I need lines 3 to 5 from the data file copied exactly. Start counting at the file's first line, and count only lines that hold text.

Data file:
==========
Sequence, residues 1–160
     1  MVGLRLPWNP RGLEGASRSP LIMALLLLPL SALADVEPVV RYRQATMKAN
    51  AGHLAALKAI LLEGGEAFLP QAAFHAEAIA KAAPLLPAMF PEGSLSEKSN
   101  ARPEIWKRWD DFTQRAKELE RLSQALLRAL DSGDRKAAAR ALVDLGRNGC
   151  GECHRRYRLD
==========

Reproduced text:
    51  AGHLAALKAI LLEGGEAFLP QAAFHAEAIA KAAPLLPAMF PEGSLSEKSN
   101  ARPEIWKRWD DFTQRAKELE RLSQALLRAL DSGDRKAAAR ALVDLGRNGC
   151  GECHRRYRLD